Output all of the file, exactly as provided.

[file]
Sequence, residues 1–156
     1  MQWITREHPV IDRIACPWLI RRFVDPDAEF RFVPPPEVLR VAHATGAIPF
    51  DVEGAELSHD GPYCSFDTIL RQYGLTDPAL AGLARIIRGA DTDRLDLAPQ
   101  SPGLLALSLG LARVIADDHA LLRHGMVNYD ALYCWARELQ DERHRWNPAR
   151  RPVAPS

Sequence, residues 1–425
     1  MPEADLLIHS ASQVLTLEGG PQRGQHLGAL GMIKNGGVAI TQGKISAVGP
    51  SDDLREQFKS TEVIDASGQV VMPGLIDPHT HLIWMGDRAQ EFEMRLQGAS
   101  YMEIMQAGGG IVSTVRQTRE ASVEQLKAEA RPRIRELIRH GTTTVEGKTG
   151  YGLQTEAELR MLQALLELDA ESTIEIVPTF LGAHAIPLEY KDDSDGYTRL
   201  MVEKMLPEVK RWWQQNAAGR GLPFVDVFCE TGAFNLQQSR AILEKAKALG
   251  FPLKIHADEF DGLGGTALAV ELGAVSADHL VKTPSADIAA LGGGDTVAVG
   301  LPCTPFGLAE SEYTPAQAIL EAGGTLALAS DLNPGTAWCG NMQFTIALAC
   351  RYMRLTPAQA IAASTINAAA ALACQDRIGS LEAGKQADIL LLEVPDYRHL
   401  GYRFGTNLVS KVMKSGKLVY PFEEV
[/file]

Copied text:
Sequence, residues 1–156
     1  MQWITREHPV IDRIACPWLI RRFVDPDAEF RFVPPPEVLR VAHATGAIPF
    51  DVEGAELSHD GPYCSFDTIL RQYGLTDPAL AGLARIIRGA DTDRLDLAPQ
   101  SPGLLALSLG LARVIADDHA LLRHGMVNYD ALYCWARELQ DERHRWNPAR
   151  RPVAPS

Sequence, residues 1–425
     1  MPEADLLIHS ASQVLTLEGG PQRGQHLGAL GMIKNGGVAI TQGKISAVGP
    51  SDDLREQFKS TEVIDASGQV VMPGLIDPHT HLIWMGDRAQ EFEMRLQGAS
   101  YMEIMQAGGG IVSTVRQTRE ASVEQLKAEA RPRIRELIRH GTTTVEGKTG
   151  YGLQTEAELR MLQALLELDA ESTIEIVPTF LGAHAIPLEY KDDSDGYTRL
   201  MVEKMLPEVK RWWQQNAAGR GLPFVDVFCE TGAFNLQQSR AILEKAKALG
   251  FPLKIHADEF DGLGGTALAV ELGAVSADHL VKTPSADIAA LGGGDTVAVG
   301  LPCTPFGLAE SEYTPAQAIL EAGGTLALAS DLNPGTAWCG NMQFTIALAC
   351  RYMRLTPAQA IAASTINAAA ALACQDRIGS LEAGKQADIL LLEVPDYRHL
   401  GYRFGTNLVS KVMKSGKLVY PFEEV